English 2 Exam: Twelfth Night, Willian Shakespeare

P1.1: “If music be the food of love, play on, / Give me excess of it that, surfeiting, / The appetite may sicken and so die.” (I.i.1-3)Translation: If it’s true that music makes people more in love, keep playing. Give me too much of it, so I’ll get sick of it and stop loving. – Shakespeare’s play “Twelfth Night” opens the first scene with one of its most famous lines, as the unhappy, lovesick Orsino tells his servants and musicians, (quote). – Orsino wishes to be “surfeit” or overdose and cease to desire love any longer in the musical love-food from the musicians. – Through these words, Shakespeare introduces the image of love as something unwanted, something that comes upon people unexpectedly and that is not easily avoided.
P1.2: “So full of shapes is fancy, / That it alone is high fantastical.” (I.i.14-15)Translation: Love is so vivid and fantastical that nothing compares to it. – The image of love is complicated by Orsino’s comment about the relationship between romance and imagination. He says, (quote).- Relating the idea of overpowering love which is “fancy” to that of imagination “fantastical”. – This connects to the idea of whether romantic love has more to do with the lover’s own imagination or with the reality of the person who is loved.- For Orsino, and in fact Olivia imagination often seems more powerful than reality.
Orsino characterization In the play Orsino is represented as the melancholy lover, who is in love with the idea of love itself but is unable to distinguish between appearance and reality.
P2: “Make me a willow cabin at your gate / And call upon my soul within the house,… / Between the elements of air and earth / But you should pity me.” (I.v.223-231)Translation: I’d build myself a sad little cabin near your house, where my soul’s imprisoned. From that cabin I’d call out to my soul. I’d write sad songs about unrequited love and sing them loudly in the middle of the night. – After Orsino has sent Viola (as Cesario) to carry his messages of love to Olivia, Viola/Cesario delivers this speech to Olivia, (quote).- The role of appearance versus reality plays a big role in this scene because it sets the stage for Olivia’s infatuation with the person she thinks is Cesario.- Viola/Cesario sets aside the prepared messages and help win Olivia’s love for Orsino, he instead tells Olivia what he would do if he were to love her. In turn, his passionate words only made Olivia fall in love with him.- Here there is a development of the contrast between Viola’s ideal of love compared to Orsino’s ideal of love. Viola is willing to stand outside Olivia’s gate night and day, declaring her love until Olivia took “pity” of her. – On the other hand, Orsino, instead would prefer to remain and home, on a couch, complaining of his broken heart. This sharply contrast to the love and devotion Viola is willing to give to Olivia. Thus, proving that Viola has a better understanding of love than Orsino.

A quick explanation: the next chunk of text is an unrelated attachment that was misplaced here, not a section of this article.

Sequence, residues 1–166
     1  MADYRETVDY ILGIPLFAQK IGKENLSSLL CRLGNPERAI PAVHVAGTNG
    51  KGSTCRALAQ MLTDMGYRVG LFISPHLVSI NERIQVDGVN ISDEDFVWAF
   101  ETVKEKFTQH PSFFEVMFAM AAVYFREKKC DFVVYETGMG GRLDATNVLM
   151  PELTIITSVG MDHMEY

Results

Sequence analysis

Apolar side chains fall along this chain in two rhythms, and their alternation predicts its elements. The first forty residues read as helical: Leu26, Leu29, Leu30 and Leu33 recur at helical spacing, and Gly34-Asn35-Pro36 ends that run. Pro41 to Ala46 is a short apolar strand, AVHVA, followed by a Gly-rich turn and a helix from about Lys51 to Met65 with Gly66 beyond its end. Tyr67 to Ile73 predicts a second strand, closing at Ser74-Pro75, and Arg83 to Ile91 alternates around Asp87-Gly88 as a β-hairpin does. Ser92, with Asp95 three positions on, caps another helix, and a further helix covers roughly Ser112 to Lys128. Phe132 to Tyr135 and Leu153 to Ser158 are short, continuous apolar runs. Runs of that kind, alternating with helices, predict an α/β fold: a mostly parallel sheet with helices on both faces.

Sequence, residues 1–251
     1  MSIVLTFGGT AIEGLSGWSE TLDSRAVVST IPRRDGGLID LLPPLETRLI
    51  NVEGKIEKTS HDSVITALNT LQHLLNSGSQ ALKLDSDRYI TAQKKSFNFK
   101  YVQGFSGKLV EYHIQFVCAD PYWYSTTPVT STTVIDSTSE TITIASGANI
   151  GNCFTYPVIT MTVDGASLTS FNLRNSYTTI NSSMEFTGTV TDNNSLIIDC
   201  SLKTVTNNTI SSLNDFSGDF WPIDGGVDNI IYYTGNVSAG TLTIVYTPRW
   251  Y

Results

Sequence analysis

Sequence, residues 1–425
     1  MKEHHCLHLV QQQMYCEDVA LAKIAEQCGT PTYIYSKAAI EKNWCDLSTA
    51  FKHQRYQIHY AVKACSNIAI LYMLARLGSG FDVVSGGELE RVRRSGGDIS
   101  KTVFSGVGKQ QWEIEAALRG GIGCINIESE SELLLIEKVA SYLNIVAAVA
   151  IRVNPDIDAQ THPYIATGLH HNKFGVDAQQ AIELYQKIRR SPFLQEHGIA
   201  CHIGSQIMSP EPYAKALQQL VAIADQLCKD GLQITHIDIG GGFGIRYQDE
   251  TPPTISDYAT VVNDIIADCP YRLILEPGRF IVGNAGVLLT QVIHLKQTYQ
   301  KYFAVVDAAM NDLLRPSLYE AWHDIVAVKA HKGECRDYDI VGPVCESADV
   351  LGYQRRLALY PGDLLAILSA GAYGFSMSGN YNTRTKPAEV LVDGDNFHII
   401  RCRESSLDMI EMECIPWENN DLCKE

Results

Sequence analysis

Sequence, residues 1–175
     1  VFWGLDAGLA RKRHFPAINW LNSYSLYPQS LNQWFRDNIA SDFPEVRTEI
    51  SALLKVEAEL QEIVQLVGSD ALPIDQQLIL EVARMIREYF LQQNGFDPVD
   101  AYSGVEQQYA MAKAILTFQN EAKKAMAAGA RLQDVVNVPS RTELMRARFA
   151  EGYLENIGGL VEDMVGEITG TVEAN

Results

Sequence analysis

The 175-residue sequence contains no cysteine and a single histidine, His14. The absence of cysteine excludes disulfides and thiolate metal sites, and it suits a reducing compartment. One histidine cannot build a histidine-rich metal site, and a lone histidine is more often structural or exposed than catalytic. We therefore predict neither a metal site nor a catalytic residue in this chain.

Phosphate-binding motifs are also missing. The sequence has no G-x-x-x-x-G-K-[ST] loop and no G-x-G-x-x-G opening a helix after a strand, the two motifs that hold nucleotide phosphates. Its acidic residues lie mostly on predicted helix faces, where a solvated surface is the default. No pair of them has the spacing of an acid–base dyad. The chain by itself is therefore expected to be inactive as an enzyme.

Viola characterization – Unlike other characters, Viola seems to contrast with other characters like Orsino and Olivia, who are deceived by appearances. In the play, Viola’s dramatic function is to lead Orsino and Olivia out of their fantasies about love and help them realize what true love really is.- In Shakespeare’s time, people married, not for love but for money, status and connections. Viola represents the idea of true love which was seen to be very romantic at that time.